Backpacks temporarily banned as Moore County school battles bedbugs
Posted April 11
West End, N.C. — Treatment is expected to begin Wednesday to battle bedbugs at West Pine Elementary School in Moore County.
The school system is responding to what it described as a “couple of incidents” and a spokesperson for the school said the scope of the problem is limited.
The director of student services said the initial case happened about a month ago, when a bug found in a classroom was identified as a bedbug.
Following the discovery, school officials sprayed the building with pest control that is used by the school system on a regular basis.
"We have an integrated pest management environmental specialist on staff. He handled the first occurrence," said student support services director Seth Powers.
After another incident this week, school officials decided to take a more aggressive approach to the problem. Trained dogs were brought in to identify additional bedbugs and five more were found, brining to total number of bugs found in the past few weeks up to seven.
School officials said they plan to bring in an outside pest management company to spray the building Wednesday and again next week, when students are on spring break.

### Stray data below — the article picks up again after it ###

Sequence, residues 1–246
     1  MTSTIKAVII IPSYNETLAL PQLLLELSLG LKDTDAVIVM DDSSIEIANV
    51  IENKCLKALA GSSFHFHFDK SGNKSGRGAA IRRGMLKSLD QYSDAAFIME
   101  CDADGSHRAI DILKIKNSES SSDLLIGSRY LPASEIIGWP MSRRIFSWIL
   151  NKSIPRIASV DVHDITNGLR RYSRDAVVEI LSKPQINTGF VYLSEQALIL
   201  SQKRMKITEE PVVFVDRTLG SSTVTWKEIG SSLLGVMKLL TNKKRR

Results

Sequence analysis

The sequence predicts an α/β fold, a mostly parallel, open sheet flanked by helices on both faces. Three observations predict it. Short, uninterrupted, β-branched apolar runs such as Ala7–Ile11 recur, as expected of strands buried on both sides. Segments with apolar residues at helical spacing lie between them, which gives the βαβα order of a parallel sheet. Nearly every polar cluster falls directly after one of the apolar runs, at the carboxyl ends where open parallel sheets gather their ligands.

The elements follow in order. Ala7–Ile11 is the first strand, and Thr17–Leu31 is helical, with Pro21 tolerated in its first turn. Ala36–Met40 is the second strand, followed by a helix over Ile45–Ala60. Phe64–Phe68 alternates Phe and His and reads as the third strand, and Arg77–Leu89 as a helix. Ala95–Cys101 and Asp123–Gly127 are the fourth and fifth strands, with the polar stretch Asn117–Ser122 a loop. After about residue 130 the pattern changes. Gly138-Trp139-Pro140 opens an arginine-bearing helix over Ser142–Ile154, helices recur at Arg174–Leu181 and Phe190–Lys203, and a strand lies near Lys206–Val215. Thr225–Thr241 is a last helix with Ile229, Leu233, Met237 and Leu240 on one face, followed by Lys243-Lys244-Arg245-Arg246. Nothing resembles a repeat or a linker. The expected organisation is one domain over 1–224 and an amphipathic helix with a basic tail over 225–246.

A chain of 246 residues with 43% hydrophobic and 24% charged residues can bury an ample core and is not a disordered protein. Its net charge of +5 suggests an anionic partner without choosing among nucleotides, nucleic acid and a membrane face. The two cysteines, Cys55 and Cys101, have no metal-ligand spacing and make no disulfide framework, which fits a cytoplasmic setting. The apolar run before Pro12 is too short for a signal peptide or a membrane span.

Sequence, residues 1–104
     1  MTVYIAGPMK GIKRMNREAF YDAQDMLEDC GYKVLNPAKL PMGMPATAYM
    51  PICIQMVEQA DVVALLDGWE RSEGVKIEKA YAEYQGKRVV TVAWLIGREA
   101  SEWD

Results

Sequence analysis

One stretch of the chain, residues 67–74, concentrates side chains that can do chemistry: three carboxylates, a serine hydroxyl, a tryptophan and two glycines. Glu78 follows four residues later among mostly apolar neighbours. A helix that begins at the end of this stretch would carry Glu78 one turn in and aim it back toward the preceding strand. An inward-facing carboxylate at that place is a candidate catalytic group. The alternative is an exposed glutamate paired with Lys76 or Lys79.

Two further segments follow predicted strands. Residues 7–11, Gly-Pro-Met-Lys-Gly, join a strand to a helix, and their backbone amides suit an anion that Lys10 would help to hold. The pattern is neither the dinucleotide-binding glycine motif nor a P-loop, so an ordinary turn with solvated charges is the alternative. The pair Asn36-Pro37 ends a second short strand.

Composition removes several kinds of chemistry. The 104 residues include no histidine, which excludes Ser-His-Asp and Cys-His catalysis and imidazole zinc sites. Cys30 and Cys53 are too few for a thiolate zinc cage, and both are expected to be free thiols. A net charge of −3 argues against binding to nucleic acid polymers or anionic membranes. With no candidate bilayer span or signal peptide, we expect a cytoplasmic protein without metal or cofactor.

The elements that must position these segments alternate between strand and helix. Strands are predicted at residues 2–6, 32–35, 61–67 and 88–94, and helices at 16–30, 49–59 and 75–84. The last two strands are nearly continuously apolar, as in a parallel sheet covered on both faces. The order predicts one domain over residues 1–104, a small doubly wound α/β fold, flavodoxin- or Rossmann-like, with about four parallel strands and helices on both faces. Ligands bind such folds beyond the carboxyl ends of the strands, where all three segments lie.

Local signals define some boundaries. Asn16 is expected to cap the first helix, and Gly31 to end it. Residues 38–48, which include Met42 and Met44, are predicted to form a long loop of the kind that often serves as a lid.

“We’ll have outside pest control come in. They’ll spray the school as well as use a heat treatment on any areas that cannot be sprayed. So, in roughly about two weeks, we’ll have the dogs come back in and just do another check,” said Powers.
School officials said they have not tracked down where the bedbugs came from, but they did say about four students have exhibited symptoms of bedbug bites. Those students were allowed to change into clothes kept in the office at school and the clothes they came to class in were placed in a dryer.
Parents have been notified of the situation and students were asked not to bring backpacks into the school this week, out of concern they could be carrying bedbugs. All books used by students must be returned to the school and students will not receive any take-home assignments for the remainder of the week, school officials said.
According to the North Carolina Department of Health and Human Services, bedbugs are not generally considered a public health threat because they are not known to carry human diseases.
School nurse Phyllis Magnuson echoed that sentiment, saying that other than the possibility of an itchy bite, there's no immediate health risks to children.
"They do not spread disease at all. They are just pests, they're nuisances. Their bite can be itchy, sometimes they're not even itchy," she said.
The school, however, does have a policy in place to offer assistance to families who experience an infestation and may not have the money to take care of the problem.
"We just want to stop it before it goes any further," Magnuson said.